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Freedom of Information Act

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Many countries in the world have rules about Freedom of Information (usually in respect of what Government departments have to reveal).

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United States

In the United States the Electronic Freedom of Information Act Amendments[?] have been signed by President Bill Clinton on October 2, 1996 following the Freedom of Information Act (FOIA) which was signed into law by President Lyndon B. Johnson on July 4, 1966 and went into effect the following year.


The Irish Freedom of Information Act came into effect in April, 1998. The Act has led to a sea-change in the relationship between the citizen, journalists, Government departments and public bodies. There are very few restrictions on the information that can be made public. A notable feature is the presumption that anything not restricted by the Act is accessible. In this regard it is a much more liberal Act than the proposed UK Act, which has not yet been implemented. Decisions of public bodies in relation to requests for information may be reviewed by the Information Commissioner.

External links Information Commissioner (Ireland) website (http://www.oic.gov.ie/)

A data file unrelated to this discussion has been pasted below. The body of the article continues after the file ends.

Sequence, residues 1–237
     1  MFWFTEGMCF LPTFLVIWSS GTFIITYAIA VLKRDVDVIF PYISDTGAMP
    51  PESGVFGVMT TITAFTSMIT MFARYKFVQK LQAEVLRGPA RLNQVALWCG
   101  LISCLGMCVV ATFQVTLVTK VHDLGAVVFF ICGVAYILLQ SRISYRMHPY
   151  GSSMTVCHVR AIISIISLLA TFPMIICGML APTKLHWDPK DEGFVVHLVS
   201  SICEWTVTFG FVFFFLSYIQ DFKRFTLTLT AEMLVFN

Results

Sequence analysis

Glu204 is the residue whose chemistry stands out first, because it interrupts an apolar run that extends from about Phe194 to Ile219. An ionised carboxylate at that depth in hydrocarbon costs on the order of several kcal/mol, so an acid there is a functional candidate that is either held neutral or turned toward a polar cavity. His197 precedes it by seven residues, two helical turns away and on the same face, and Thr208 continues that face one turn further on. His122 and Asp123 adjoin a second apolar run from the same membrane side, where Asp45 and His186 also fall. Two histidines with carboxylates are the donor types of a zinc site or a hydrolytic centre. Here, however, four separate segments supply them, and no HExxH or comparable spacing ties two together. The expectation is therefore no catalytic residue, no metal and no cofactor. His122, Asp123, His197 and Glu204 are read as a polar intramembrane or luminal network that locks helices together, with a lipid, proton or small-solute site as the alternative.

For a comprenensive list of the almost 400 bodies (each of which has appointed a Freedom of Information Officer) currently within the scope of the FOI Act visit: Irish public bodies within scope of FOI act website (http://www.oic.gov.ie/213e_3c2.htm)

United Kingdom

In the United Kingdom there was traditionally no 'right to know' on behalf of the public. Regulation and control of the Executive was traditionally carried out by Committees of the House of Commons and House of Lords. However, as part of their 1997 election manifesto the Labour Party promised to bring in a freedom of information act.

This was duly done, but the final version is generally believed to have be significantly diluted from that proposed while Labour were in opposition. Moreover, the timetable for bringing the Act into force (in the UK Acts of Parliament do not necessarily come into force on the date they are made) has been continually pushed back.

The act is the responsibility of the Lord Chancellor's Department[?] [1] (http://www.lcd.gov.uk). The Act led to the renaming of the Data Protection Commissioner who is now known as the Information Commissioner and it is the Office of the Information Commissioner who will oversee the operation of the Act, when it comes into force. [2] (http://www.dataprotection.gov.uk)

The Act itself is Crown Copyright but can be found at the website of HM Stationery Office[?] [3] (http://www.hmso.gov.uk)

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